Stalling the Engine of Resistance: Targeting Cancer Metabolism to Overcome Therapeutic Resistance

Is Cancer a Metabolic Disease?

Cancer as a Metabolic Disease

Targeting mitochondria for cancer therapy

Mitochondrial permeability transition pore as a selective target for anti-cancer therapy

Mitochondrial uncoupling and the reprograming of intermediary metabolism in leukemia cells

Mitocans as Novel Agents for Anticancer Therapy: An Overview

Apoptosis: from biology to therapeutic targeting


Metabolic targets in the crosshairs

Metabolic targets in the cross hairs





DCA – turning on OxPhos

“Inhibition of mitochondrial pyruvate dehydrogenase kinase (PDK) by dichloroacetate may be exploited to reverse the abnormal metabolism of cancer cells from glycolysis to glucose oxidation. As PDK negatively regulates pyruvate dehydrogenase, dichloroacetate indirectly stimulates the pyruvate to acetyl-CoA conversion. Dichloroacetate has been shown to downregulate the aberrantly high mitochondrial membrane potential of cancer cells, increase mitochondrial ROS generation and activate K+ channels in malignant, but not in normal cells143. Dichloroacetate also upregulated the expression of the K+ channel Kv1.5, which is often underexpressed by tumour cells, through the transcription factor nuclear factor of activated T cells (NFAT1). Dichloroacetatenormalized mitochondrial functions were accompanied by reduced proliferation, increased apoptosis and suppressed tumour growth without apparent toxicity, suggesting that the mitochondria–NFAT–Kv axis and PDK represent promising anticancer drug targets”.

Sodium dichloroacetate exhibits anti-leukemic activity in B-chronic lymphocytic leukemia (B-CLL) and synergizes with the p53 activator Nutlin-3

The anti-leukemic activity of sodium dichloroacetate in p53mutated/null cells is mediated by a p53-independent ILF3/p21 pathway

Targeting mitochondria for cancer therapy


Sodium dichloroacetate exhibits anti-leukemic activity in B-chronic lymphocytic leukemia (B-CLL) and synergizes with the p53 activator Nutlin-3

Sodium dichloroacetate selectively targets cells with defects in the mitochondrial ETC

Combination of Sulindac and Dichloroacetate Kills Cancer Cells via Oxidative Damage

CLL, BH3 Mimetics, and Apoptosis Round II – Meet Hyperforin

Time for another natural anti-cancer compound that works in a manner similar to gossypol; it up-regulates the pro-apoptotic BH3 protein Noxa. It comes from St. John’s Wort.

“We previously reported that hyperforin, a phloroglucinol purified from Hypericum perforatum, induces the mitochondrial pathway of caspase-dependent apoptosis in chronic lymphocytic leukemia (CLL) cells ex vivo, and that this effect is associated with upregulation of Noxa, a BH3-only protein of the Bcl-2 family. Here, we investigated the role of this upregulation in the pro-apoptotic activity of hyperforin in the cells of CLL patients and MEC-1 cell line. We found that the increase in Noxa expression is a time- and concentration-dependent effect of hyperforin occurring without change in Noxa mRNA levels. A post-translational regulation is suggested by the capacity of hyperforin to inhibit proteasome activity in CLL cells. Noxa silencing by siRNA reduces partially hyperforin-elicited apoptosis. Furthermore, treatment with hyperforin, which has no effect on the expression of the prosurvival protein Mcl-1, induces the interaction of Noxa with Mcl-1 and the dissociation of Mcl-1/Bak complex, revealing that upregulated Noxa displaces the proapoptotic protein Bak from Mcl-1. This effect is accompanied with Bak activation, known to allow the release of apoptogenic factors from mitochondria. Our data indicate that Noxa upregulation is one of the mechanisms by which hyperforin triggers CLL cell apoptosis. They also favor that new agents capable of mimicking specifically the BH3-only protein Noxa should be developed for apoptosis-based therapeutic strategy in CLL”.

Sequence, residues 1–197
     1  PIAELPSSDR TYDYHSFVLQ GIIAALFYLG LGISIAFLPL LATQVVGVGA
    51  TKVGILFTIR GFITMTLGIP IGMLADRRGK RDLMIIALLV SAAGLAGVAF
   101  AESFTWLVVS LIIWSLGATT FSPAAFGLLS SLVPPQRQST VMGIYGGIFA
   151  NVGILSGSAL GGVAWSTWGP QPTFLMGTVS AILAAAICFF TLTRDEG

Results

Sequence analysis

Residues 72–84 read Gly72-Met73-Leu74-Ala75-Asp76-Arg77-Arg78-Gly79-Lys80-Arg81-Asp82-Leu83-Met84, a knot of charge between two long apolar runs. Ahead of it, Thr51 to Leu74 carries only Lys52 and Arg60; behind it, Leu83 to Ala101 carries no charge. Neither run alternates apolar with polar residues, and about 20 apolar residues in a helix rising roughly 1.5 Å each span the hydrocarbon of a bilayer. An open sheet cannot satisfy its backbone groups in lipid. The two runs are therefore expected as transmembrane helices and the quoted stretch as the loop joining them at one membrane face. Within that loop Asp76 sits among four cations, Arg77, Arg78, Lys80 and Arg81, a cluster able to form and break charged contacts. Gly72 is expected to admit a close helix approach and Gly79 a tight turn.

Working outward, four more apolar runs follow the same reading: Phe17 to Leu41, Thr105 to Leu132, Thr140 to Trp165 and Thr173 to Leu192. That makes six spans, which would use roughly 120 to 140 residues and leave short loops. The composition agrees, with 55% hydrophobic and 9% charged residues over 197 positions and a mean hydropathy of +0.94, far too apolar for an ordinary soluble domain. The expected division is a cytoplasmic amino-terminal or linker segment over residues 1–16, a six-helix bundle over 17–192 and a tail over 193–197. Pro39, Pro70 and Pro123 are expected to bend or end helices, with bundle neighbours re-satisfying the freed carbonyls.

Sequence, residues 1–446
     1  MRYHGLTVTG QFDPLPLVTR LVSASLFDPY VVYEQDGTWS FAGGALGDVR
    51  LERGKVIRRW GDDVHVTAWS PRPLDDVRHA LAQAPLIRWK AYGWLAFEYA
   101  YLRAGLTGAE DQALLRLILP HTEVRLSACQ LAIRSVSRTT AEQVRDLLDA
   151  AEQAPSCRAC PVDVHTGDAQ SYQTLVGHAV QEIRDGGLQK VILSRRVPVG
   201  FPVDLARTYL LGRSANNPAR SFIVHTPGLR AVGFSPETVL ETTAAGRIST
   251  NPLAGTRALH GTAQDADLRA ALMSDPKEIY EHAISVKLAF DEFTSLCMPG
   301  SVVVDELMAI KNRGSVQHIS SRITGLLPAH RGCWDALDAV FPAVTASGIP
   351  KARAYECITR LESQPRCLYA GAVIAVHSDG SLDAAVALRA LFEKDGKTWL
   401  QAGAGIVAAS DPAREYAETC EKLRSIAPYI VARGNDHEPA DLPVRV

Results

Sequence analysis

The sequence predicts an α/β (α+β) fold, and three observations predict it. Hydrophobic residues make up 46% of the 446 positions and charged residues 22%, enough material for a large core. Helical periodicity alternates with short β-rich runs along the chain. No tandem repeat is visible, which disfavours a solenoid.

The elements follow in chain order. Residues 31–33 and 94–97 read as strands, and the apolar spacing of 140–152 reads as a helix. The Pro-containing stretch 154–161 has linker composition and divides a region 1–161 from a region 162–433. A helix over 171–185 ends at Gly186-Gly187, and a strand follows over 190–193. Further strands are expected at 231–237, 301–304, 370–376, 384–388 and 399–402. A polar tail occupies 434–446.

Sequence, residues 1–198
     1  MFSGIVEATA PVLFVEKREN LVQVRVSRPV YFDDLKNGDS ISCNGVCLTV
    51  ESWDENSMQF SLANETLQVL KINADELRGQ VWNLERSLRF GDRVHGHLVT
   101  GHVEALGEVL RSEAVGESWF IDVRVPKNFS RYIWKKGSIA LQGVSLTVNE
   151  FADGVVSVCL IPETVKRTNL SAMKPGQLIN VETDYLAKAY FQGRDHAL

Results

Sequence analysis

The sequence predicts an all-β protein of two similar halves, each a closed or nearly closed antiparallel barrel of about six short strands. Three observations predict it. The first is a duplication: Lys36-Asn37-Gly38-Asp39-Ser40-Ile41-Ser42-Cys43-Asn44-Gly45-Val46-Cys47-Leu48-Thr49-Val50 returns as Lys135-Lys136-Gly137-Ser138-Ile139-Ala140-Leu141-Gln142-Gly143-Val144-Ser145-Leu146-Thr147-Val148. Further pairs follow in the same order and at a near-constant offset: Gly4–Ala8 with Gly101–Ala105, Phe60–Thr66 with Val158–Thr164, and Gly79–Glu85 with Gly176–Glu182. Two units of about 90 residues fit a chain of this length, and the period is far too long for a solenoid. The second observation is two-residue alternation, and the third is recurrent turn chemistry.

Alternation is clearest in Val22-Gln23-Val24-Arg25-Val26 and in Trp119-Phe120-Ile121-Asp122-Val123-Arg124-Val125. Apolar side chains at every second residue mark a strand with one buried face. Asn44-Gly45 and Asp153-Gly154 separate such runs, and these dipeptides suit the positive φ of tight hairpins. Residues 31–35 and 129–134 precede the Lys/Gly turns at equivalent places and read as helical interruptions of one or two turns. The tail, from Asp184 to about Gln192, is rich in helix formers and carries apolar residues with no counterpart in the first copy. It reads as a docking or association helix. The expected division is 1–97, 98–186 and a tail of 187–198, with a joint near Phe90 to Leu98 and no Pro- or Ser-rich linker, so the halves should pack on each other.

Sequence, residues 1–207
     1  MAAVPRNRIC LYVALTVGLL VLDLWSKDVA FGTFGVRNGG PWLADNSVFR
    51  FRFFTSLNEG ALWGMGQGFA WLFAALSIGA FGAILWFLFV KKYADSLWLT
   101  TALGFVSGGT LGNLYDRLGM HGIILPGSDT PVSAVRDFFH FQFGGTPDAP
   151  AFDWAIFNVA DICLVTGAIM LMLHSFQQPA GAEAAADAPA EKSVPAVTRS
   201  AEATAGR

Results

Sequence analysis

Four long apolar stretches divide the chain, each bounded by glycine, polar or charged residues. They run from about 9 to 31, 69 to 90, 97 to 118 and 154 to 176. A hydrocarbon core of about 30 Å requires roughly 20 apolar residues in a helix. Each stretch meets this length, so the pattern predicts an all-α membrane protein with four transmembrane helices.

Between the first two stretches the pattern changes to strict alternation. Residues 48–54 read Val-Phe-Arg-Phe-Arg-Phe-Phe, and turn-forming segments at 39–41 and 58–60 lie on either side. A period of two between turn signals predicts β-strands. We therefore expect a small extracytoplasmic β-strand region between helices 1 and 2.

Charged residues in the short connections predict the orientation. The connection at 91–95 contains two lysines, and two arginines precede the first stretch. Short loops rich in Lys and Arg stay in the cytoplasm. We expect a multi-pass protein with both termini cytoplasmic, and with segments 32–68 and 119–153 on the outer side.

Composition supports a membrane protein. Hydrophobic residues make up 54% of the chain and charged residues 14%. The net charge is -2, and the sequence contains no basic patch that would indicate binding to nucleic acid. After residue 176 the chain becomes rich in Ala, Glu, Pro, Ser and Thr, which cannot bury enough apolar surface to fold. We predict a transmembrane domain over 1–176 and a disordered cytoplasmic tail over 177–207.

Hyperforin structure

Hyperforin structure

Hyperforin induces apoptosis of chronic lymphocytic leukemia cells through upregulation of the BH3-only protein Noxa

Noxa upregulation is associated with apoptosis of chronic lymphocytic leukemia cells induced by hyperforin but not flavopiridol

Green Tea/Curcumin – a one-two punch for CLL

Once again we have natural compounds that have strong anti-cancer activity and effect multiple pathways. There’s quite a bit of overlap between these two, but also some antagonism as well, so if you decide to supplement these pay attention to the required dosing schedule.

EGCG curcumin

Curcumin Inhibits Pro-survival Pathways in CLL B-cells and has the Potential to Overcome Stromal Protection of CLL B-cells in Combination with EGCG

Turmeric and green tea: a recipe for B-Chronic Lymphocytic Leukemia

VEGF receptor phosphorylation status and apoptosis is modulated by a green tea component, epigallocatechin-3-gallate (EGCG), in B-cell chronic lymphocytic leukemia

Phase 2 Trial of Daily, Oral Polyphenon E in Patients with Asymptomatic, Rai Stage 0-II Chronic Lymphocytic Leukemia(CLL)